if you want G lydian, try playing a ||: G | A/G :|| vamp and see how that goes. if you know a voicing for Gmaj7#11, play that -- that's your lydian tonic chord. if you feel the need to play a D chord, put a G in the bass.
Anfangen ist leicht, Beharren eine Kunst.
#12
E7 clearly leads back to A as the tonic.

Also, this isn't necessarily modal. You have key change is what's happening.

While all of those chords (except E7) fit into A lydian, you have a clear progression based on root movement, which generally falls outside the definition of "modal". You will get the most melodic sound by using chord tone soloing, rather than applying the same mode across the A B E and F#.

Now, you can jam that D# into the Amaj7 if you want, and it'll sound nifty, but then you'll also lose the dramatic effect of the B7-E change, which ought to sound like a temporary key change, because it is.

This is a situation where it's really up to you how "modal" you want to get. Try playing around with both modal and chord tone sounds, you'll find a good balance with some practice.
#13
Quote by AeolianWolf
i guess...? but that wouldn't be an effective way to treat it. you don't take the same approach to composing in modes as you do in keys.

uh, no. if you're soloing over G/C9 with C lydian something's off. a C# is going to clash hardcore with C9 because it is a semitone away from two different chord tones -- C and D. if you had to pick which chord was better for the C#, it's very much going to be C#. but if you have a C9 as a chord, i can pretty much guarantee you C lydian is out of the question.

no. you're still missing an extremely fundamental idea, and that is to eschew the dominant-tonic relationship. modal music doesn't work that way. first off, as before, the C9 kills any possibility of it being lydian because you've introduced the C natural. the D - G relationship is going to make this progression sound textbook G major, even though there's a Bb in the C9 chord.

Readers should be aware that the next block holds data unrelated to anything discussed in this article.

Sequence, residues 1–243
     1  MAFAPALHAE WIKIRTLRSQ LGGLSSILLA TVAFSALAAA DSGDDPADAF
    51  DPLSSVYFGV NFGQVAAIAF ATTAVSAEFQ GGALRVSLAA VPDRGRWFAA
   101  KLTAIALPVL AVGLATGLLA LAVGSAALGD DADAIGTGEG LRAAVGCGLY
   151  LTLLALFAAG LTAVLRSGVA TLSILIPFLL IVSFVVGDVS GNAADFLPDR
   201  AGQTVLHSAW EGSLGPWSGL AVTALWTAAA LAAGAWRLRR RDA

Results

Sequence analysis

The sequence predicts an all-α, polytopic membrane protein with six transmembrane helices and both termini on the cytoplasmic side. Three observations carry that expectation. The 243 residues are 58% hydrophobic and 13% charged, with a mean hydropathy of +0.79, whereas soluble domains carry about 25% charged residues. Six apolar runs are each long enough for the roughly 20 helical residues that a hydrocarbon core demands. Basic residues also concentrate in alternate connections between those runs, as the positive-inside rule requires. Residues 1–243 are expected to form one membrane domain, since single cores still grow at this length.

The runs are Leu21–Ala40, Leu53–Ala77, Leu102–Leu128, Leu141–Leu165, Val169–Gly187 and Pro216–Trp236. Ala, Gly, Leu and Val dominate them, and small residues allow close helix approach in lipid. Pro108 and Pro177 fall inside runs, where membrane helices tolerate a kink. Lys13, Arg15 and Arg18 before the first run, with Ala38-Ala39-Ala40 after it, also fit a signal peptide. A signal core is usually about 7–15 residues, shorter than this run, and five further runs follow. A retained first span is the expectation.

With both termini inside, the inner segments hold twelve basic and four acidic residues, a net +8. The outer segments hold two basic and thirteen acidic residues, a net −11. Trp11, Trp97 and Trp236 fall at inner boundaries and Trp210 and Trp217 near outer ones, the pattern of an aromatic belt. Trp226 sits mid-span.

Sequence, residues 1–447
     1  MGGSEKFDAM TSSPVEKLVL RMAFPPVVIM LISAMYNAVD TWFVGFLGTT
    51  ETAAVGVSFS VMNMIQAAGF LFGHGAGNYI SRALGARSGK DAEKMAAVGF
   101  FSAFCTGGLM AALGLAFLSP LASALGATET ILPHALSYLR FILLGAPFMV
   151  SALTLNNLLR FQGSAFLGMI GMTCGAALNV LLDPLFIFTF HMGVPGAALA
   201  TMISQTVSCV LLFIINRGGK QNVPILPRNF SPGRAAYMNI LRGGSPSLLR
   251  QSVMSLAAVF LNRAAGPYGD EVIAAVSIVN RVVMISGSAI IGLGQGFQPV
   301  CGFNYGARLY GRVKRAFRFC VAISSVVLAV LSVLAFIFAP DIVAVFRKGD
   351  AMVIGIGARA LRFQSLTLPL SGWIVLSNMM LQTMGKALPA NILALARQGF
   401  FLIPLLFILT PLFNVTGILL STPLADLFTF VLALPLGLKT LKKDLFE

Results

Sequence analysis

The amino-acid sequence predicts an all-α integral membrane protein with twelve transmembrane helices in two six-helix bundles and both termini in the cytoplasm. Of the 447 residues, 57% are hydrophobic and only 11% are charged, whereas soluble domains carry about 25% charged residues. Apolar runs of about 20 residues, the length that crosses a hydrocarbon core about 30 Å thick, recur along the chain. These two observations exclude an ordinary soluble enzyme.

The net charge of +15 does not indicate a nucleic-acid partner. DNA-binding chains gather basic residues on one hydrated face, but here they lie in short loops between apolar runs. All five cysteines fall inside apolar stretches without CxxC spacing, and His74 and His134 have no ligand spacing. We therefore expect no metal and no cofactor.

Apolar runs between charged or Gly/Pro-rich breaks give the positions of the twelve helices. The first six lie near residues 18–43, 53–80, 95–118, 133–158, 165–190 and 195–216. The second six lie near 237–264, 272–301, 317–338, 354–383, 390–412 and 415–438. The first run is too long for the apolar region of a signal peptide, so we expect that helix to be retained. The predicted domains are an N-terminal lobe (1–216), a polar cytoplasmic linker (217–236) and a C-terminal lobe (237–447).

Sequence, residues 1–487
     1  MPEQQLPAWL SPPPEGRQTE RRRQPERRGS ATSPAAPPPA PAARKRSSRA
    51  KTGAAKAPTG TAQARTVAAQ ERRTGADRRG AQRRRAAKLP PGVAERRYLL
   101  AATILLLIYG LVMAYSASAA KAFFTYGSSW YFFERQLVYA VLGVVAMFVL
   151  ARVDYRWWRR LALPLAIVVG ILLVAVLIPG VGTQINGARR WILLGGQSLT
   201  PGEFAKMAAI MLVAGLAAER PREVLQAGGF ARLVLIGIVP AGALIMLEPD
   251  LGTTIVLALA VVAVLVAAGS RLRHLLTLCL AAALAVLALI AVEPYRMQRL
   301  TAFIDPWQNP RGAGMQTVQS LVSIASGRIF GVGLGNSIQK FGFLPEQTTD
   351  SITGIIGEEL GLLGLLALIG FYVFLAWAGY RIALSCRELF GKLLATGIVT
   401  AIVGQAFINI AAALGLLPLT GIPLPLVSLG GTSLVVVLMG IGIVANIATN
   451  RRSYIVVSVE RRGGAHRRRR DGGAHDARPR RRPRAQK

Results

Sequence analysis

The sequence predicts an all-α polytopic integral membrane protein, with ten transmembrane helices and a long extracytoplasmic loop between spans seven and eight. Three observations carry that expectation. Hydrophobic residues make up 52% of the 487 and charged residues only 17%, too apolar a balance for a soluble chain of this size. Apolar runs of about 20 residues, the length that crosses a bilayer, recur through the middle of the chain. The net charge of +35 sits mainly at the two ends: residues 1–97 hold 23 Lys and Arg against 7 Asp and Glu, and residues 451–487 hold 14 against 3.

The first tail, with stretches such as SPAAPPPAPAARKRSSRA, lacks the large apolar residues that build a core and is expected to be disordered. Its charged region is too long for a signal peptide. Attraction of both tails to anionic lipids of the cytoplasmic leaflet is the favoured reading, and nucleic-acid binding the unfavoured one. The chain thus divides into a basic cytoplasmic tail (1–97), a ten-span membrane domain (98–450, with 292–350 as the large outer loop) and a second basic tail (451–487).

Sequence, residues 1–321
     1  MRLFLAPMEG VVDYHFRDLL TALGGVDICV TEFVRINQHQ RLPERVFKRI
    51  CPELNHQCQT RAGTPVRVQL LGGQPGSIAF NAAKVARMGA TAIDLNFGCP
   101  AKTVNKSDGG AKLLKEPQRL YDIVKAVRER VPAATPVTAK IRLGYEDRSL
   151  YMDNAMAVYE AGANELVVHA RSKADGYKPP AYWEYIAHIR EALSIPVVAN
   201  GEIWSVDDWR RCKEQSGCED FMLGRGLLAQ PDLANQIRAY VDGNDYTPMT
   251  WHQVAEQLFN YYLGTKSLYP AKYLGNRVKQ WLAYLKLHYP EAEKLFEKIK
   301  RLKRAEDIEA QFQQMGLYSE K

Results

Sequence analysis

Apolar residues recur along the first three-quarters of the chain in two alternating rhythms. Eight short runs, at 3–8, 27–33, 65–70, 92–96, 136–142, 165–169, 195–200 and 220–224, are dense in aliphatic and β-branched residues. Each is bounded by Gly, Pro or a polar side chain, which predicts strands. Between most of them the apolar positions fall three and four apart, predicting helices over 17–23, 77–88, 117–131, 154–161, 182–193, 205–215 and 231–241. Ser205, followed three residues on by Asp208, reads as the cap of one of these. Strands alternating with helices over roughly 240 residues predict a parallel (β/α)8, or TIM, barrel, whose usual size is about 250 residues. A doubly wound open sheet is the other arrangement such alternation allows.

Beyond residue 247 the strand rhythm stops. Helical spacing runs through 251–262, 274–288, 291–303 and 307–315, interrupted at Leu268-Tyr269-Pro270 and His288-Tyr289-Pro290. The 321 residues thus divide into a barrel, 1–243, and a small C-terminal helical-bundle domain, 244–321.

if you want G lydian, try playing a ||: G | A/G :|| vamp and see how that goes. if you know a voicing for Gmaj7#11, play that -- that's your lydian tonic chord. if you feel the need to play a D chord, put a G in the bass.



Thanks again for your quick response.

With the chord progression I was using the notes G A B C# D E F# and not C D E F# G A B. It makes sense though when I used the C# it sounded a bit - sour.

Looks like I've still got a bit of reading and playing to learn to see what works and what doesn't!
#14
try playing C lydian over ||: C | D/C :|| and see how that sounds. that will allow you to begin internalizing the lydian sound.
Anfangen ist leicht, Beharren eine Kunst.
#15
Ok so I've out pen to paper and looked at the difference between A Aeolian and Dorian[/I. I could have as easily put Phrygian in there - but I thought a binary comparison would be good for now.

So I found that what sets them apart is:


Bdim/Bmin
Dmin/Dmaj
Fmaj/F#dim


Now I've just looked at A Phrygian and noticed that there's a Bbmaj chord in there (as opposed to the diminished and minor chord). I feel like I'm learning something...
#16
Quote by flaaash
Ok so I've out pen to paper and looked at the difference between A Aeolian and Dorian[/I. I could have as easily put Phrygian in there - but I thought a binary comparison would be good for now.

So I found that what sets them apart is:


Bdim/Bmin
Dmin/Dmaj
Fmaj/F#dim